WELCOME! And Thanks :)

I’d like to take a moment to say WELCOME to Gays in the Life’s new followers. We’ve been much more engaged on social media and work-shopping ideas for the blog and it shows with a great increase in your support and daily interaction. For those of you just joining us, be sure to keep up with us on the following platforms:

Facebook: Facebook.com/GaysintheLife

Twitter: @gaysinthelife

Instagram: @gaysinthelife

I’d also like to take a moment to say THANK YOU to all of you that have been with us from the beginning  – that’s now over two years ago – and THANK YOU to all of you new followers. I cannot express how appreciative I am of you all taking the time to read whatever mumbo-jumbo I’m serving up throughout the week.

Life has been an interesting ride and I know it’s not anywhere near over. In three days I’ll be celebrating my thirtieth birthday. The fact that I’ll be thirty on Saturday is wild in itself. When you’re younger, thirty seems so far away, but I fully plan on  continuing to embrace adulthood and share S and I’s lessons along the way.

Please know that you are all loved and welcomed with open keystrokes. Continue to share the blog, Facebook page, and social media accounts with your family and friends. I strongly believe that we can build a better world by educating each other through shared experiences and conversation. My only goal with Gays in the Life is to do exactly that.

If there’s ever a time you have a question or want to learn more about a post I’ve written or information I’ve shared, let us know in the comments or on our social media! Getting to know our followers and readers will only benefit the relationship we have with you and can only enhance the content we have coming down the pipeline for you.

Here’s a bit of a bonus for you all. S and I the night of our first date back in September 2011:

first-date-night

We look a little different now 🙂

thank you, thanK YOU, THANK YOU. Be well,

J.

Our Father’s Anger, Our Lessons.

The men in our lives can shape us in ways we never realize. The recognition, and understanding, of the lessons their most honest energy projects, can strike as sharp as a burn to the finger. As a child you’re too young to recognize any damage adulthood has inflicted upon your father. As a teenager, you’re not allowed to comment on anything that is said between two adults. “Be seen, and not heard… Don’t speak unless you’re spoken to…” were regular instructions throughout my upbringing, and little did I know the effects of these instructions would only sharpen my understanding of my father’s unshared emotions.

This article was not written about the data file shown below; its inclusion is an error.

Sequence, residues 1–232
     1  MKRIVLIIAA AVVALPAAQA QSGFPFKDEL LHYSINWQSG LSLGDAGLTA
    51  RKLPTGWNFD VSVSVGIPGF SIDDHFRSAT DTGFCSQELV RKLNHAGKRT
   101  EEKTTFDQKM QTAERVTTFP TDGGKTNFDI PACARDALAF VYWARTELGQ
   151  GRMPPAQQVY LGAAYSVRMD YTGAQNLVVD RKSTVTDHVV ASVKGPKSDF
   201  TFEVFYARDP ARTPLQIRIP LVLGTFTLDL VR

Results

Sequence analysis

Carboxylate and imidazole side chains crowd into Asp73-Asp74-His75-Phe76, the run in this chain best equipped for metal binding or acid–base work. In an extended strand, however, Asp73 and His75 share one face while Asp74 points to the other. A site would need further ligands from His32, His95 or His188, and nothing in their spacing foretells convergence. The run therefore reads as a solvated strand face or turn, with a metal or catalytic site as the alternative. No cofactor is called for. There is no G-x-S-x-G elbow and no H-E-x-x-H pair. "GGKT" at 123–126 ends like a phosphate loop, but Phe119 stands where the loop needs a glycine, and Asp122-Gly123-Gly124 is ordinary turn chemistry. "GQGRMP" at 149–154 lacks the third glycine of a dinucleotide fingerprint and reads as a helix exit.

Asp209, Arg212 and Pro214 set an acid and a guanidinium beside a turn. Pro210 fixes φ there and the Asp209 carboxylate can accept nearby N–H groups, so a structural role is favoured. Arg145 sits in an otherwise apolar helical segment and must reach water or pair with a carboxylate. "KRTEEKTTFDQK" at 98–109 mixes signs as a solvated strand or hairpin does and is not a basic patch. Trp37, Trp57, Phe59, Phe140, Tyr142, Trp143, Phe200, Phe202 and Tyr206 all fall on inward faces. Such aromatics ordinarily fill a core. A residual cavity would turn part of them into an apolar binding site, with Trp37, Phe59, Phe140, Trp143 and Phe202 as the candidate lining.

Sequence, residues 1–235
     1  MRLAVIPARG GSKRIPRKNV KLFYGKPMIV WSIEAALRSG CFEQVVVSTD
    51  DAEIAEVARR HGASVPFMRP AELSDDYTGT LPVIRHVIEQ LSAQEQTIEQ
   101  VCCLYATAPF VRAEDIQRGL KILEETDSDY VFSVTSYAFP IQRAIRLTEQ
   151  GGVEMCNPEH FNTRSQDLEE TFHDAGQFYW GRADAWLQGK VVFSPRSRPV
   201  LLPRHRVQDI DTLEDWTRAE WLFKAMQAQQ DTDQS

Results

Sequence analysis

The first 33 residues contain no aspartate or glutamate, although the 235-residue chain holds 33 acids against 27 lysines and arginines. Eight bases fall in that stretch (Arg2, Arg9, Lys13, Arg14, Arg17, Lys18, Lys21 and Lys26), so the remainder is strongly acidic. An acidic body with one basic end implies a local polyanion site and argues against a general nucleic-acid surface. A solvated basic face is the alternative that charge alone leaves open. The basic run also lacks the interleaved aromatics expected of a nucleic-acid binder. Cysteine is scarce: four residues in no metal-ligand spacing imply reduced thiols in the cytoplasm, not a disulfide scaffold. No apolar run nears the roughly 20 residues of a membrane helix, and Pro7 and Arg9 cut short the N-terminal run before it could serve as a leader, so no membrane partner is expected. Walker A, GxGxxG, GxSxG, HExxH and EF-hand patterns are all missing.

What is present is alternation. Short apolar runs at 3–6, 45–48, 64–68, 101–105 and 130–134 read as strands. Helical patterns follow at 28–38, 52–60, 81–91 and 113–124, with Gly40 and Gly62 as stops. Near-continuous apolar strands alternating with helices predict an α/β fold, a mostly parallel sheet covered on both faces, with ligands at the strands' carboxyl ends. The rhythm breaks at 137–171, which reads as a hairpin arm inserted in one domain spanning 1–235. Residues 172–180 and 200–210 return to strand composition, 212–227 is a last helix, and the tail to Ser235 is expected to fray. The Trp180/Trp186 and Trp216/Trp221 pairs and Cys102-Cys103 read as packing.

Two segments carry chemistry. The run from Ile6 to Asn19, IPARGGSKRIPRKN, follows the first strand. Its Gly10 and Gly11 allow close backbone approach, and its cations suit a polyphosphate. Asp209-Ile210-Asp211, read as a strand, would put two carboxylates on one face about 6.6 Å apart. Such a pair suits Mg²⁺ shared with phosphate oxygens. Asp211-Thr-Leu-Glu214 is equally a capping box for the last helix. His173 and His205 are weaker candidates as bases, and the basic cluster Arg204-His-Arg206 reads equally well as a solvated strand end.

In the world of adulthood, you tend to catch comments, expressions, and reactions of older members within the family; especially those of fathers.  My dad was an Army man with a tough exterior, social superpowers, and a strict confidence that ruled our household. He knew how to have fun, and we felt his love, even though we never really used the “love” word growing up. At the age of sixteen I watched him morph into another being. Divorce had blackened his insides, and bitterness flowed infinitely. Not knowing how to fully process this new man – a poisoned shadow that danced inside my father’s body – or his reasoning, I was forced to grow up and assumed that he was just setting a negative example for my siblings and I. We’re on good terms now, but it took us a while to get back to a settled place where we could begin to understand each other; although I still don’t get him all the time.

S’s father is a warm, honest, and gentle soul. I tried to offer him some of my hippy-dippy zen advice – after hearing enough complaints about something he and my mother-in-law had been left out of by his family – only to receive a sharp, and deeply planted response. “I don’t care to get over it.” My advice was to find a way to get over the issues he had with the family, for his own health. “Well, everyone handles things differently, I suppose. It definitely doesn’t help if no one is communicating” was my exit from the conversation. I know my boundaries, respect my S’s parents, and realize that you can’t help everyone, so I stopped responding to any opportunity to share my little bit of wisdom.  I still don’t have full details about what happened, but what was it that was causing him to hold on to that dark energy?

My dad is fifty years old, and S’s father is in his sixties. What I’ve learned from these two, completely different men, is more than I can fit into any closing paragraph. I’m only twenty-eight years old, and I know there are people out there that will say that I’m too young, and that I haven’t truly experienced life. Everyone has dark days, grey moments, and pitch-black thoughts in life at some point, and in mine, I’ve learned to let go. I search for the lesson in all of life’s curveballs and strikes, and try to move forward as positive as possible. Harnessing anger only turned me into someone I didn’t want to accept lived inside of me. The feeling was that of being stuck in quicksand with a speeding semi truck seconds away from barreling right through me; fear, uncertainty, and uncomfortable welcome. These gentlemen are a reminder to try. Try to accept, grow, and move forward. If happiness is faint, reward yourself in that happiness, and challenge yourself to gain more.

Past in Present

Yesterday was my husband’s birthday, and marked his fourth birthday that we have celebrated together. Where has the time gone?! The wonder, curiosity of what and when, and the overall remembrance of the moments that have already past – and the subliminal preparation of those that have yet to arrive – proves to be one trippy ride.  I find myself, in this moment, trying to piece together every single day that we have shared. Good days, bad days, our bright days, and our grey days blend together to form a beautiful watercolor painting; as seen through memory’s hazy vision. Many memories approach, and my attempt to remember those already traveled prove to be nothing short of an intro to an odyssey.